With the rising rates of obesity, type II diabetes and an aging population, the number of individuals developing end-stage renal disease (ESRD) is increasing globally. With more individuals seeking kidney transplantation, the gap between those waiting for a transplant, and available kidney allografts, is unfortunately widening. Efforts with more potent immunosuppressive agents, protocols with desensitization, educational efforts, altruistic donors, and swap programs have made live donor transplants more accessible.
However, the expansion of live donor programs alone cannot accommodate all those on transplant waiting lists so nephrology care providers are looking more closely at the practices of using deceased donor allografts. Many of these allografts are discarded following biopsy, due to disease or damage during organ procurement. Discard rates of up to 20% have been reported in the US. The difference in discard rates in other countries such as the 9% rate in France raise the question about possible differences in criteria for discards.
Are we discarding too many kidneys?
This week in BMC Nephrology, Lee et al. reported on a South Korean hospital’s experience of utilizing allografts from deceased donors over the age of 70, with creatinine levels of >3.0mg/dl or GFR of less than 30mL/min. In these cases, both kidneys were transplanted into recipients that tended to be older and more likely to have co-morbidities, such as hypertension and diabetes. Though a small study of 15 cases of dual kidney transplants, versus 124 recipients of standard criteria donor (SCD) and 80 recipients of the expanded criteria donor (ECD), the positive results at least warrant the examination of current practices which can lead to discarding allografts. The groups had similar patient survival rates, nadir creatinine and time to nadir creatinine. This single center’s experience prompts the question – are we discarding too many kidneys that could provide older recipients with comorbidities possibly improving their survival compared to remaining on dialysis and a better quality of life?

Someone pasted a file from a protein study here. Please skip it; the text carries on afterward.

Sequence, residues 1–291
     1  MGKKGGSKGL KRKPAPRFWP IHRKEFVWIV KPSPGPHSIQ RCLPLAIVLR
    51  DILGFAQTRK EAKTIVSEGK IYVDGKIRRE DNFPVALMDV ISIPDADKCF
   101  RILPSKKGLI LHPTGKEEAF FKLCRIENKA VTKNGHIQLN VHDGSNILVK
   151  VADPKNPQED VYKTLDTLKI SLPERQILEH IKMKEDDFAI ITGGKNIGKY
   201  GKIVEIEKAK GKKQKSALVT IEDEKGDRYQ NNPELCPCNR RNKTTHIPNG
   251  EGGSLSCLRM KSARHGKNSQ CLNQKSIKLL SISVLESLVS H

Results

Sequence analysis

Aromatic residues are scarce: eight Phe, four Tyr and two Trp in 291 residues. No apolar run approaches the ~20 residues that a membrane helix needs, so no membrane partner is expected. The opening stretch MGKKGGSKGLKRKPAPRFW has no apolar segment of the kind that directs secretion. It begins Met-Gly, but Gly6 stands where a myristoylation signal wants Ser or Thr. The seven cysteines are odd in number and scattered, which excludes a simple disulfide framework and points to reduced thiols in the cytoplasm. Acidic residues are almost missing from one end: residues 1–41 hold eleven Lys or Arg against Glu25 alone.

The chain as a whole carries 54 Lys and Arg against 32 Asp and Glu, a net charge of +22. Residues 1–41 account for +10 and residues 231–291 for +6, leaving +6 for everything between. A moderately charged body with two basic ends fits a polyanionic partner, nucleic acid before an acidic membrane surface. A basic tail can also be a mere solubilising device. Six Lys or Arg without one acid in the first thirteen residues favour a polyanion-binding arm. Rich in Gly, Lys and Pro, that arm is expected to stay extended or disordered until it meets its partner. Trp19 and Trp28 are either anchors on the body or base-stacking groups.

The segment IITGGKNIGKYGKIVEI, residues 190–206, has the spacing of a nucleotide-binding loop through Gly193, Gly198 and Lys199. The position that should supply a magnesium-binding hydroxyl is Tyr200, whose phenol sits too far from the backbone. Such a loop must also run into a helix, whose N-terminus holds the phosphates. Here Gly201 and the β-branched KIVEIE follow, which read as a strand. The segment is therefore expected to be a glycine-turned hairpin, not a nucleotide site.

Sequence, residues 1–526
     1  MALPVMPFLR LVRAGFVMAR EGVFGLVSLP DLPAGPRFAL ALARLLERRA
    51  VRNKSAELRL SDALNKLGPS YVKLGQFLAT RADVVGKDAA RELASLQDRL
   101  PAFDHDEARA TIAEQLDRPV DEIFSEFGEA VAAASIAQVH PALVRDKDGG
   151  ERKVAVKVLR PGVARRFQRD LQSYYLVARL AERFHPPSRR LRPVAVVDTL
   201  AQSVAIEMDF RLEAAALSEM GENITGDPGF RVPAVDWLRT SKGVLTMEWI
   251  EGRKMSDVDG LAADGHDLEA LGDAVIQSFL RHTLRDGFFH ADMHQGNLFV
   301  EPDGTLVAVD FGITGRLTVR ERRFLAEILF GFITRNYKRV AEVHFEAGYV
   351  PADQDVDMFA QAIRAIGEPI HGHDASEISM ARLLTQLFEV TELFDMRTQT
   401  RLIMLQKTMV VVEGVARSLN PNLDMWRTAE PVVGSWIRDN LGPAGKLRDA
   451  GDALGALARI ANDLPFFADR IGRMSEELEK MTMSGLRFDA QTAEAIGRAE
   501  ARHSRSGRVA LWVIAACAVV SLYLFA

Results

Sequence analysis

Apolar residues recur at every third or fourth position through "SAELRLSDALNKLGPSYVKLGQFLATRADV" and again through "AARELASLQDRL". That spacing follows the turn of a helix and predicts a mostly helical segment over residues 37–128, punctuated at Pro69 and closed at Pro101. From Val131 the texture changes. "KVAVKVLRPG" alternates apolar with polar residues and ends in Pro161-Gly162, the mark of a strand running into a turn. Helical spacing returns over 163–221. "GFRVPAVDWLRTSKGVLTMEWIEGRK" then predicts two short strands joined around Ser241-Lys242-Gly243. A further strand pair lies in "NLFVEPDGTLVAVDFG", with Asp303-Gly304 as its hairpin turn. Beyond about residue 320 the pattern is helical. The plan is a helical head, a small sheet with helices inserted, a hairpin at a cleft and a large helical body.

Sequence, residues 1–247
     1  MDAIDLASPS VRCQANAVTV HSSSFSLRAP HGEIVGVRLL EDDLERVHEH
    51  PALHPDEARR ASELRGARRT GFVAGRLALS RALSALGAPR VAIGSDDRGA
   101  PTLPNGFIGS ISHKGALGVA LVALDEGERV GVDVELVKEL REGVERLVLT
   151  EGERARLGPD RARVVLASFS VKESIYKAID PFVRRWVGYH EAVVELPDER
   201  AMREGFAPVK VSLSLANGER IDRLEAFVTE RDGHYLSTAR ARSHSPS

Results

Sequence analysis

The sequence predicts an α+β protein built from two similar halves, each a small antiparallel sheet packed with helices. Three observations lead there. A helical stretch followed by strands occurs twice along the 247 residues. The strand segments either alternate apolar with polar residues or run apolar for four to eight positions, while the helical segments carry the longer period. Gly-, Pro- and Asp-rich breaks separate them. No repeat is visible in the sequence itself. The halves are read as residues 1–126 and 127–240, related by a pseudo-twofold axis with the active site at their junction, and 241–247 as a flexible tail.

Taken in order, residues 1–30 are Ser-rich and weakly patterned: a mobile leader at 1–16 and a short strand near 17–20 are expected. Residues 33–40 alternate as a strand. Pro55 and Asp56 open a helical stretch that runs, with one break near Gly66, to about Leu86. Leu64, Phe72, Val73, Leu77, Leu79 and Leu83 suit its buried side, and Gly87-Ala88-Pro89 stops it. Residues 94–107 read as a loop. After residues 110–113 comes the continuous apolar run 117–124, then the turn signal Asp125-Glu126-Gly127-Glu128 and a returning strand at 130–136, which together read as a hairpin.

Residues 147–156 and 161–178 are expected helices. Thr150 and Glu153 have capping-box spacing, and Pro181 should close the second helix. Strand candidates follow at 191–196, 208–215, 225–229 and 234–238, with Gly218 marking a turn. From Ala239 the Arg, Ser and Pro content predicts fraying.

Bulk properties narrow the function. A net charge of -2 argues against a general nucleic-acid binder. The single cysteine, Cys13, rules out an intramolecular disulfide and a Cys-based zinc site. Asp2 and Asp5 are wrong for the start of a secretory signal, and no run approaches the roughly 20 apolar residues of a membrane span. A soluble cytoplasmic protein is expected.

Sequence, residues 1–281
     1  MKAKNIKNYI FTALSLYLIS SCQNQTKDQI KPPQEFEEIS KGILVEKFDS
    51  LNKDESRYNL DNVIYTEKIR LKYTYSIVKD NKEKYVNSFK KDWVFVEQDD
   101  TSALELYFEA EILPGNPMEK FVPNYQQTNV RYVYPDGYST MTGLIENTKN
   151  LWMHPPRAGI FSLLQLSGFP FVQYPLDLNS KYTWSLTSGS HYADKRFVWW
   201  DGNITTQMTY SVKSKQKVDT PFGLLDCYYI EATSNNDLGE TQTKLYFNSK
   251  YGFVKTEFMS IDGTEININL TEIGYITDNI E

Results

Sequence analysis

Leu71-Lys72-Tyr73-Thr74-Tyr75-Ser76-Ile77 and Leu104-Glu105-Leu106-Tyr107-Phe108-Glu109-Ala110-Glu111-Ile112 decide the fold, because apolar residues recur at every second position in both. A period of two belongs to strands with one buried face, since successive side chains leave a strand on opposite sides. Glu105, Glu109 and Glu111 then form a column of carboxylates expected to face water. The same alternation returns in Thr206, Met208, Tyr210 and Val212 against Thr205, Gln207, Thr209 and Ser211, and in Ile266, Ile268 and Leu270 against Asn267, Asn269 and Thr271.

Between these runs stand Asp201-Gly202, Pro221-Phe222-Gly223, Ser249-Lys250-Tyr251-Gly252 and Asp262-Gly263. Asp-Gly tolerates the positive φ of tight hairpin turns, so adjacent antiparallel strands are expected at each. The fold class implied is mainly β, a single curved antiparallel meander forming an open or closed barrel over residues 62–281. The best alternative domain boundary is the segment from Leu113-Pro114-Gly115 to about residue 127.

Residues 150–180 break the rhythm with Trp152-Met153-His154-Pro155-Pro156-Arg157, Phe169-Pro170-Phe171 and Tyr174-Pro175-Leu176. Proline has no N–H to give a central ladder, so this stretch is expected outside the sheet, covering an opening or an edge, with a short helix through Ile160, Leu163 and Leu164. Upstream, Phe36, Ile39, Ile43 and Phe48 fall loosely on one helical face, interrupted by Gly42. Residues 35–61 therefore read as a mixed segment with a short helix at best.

Recognition of the number of hepatitis C positive allografts that were being discarded due to the lack of Hepatitis C positive recipients led to work on protocols allowing for transplantation into hepatitis C negative recipients while using new antiviral therapies. Beyond the development of new protocols, we need to look at current policies and regulations that may impact on the decisions by transplant centers to use certain organ offers.
In the US, regulations by Centers for Medicare Services (CMS) help to protect patients by reporting patient and graft survival rates and how this could influence transplant centers to be less conservative about using those allografts from donors that are older and have more comorbidities. In a 2016 analysis of low-performance score transplant centers, Schold et al. noted in subsequent years the outcomes would improve but this was accompanied by greater rate of patient removal from waiting lists (28.6 more removals /1000 year follow up, p < 0.001) and from a drop in transplant rates (-11.9/1000 years follow up, p < 0.001). While it is important to look at all allograft offers with a goal of a successful transplant, are we too quick or too conservative in our use of less than perfect kidneys?